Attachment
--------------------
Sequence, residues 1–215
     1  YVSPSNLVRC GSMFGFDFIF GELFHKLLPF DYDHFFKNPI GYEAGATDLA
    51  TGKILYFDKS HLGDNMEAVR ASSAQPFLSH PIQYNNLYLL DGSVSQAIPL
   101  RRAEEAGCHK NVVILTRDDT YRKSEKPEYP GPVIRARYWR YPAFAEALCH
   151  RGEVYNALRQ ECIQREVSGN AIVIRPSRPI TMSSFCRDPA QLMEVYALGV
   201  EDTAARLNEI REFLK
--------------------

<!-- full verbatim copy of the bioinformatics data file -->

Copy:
Sequence, residues 1–215
     1  YVSPSNLVRC GSMFGFDFIF GELFHKLLPF DYDHFFKNPI GYEAGATDLA
    51  TGKILYFDKS HLGDNMEAVR ASSAQPFLSH PIQYNNLYLL DGSVSQAIPL
   101  RRAEEAGCHK NVVILTRDDT YRKSEKPEYP GPVIRARYWR YPAFAEALCH
   151  RGEVYNALRQ ECIQREVSGN AIVIRPSRPI TMSSFCRDPA QLMEVYALGV
   201  EDTAARLNEI REFLK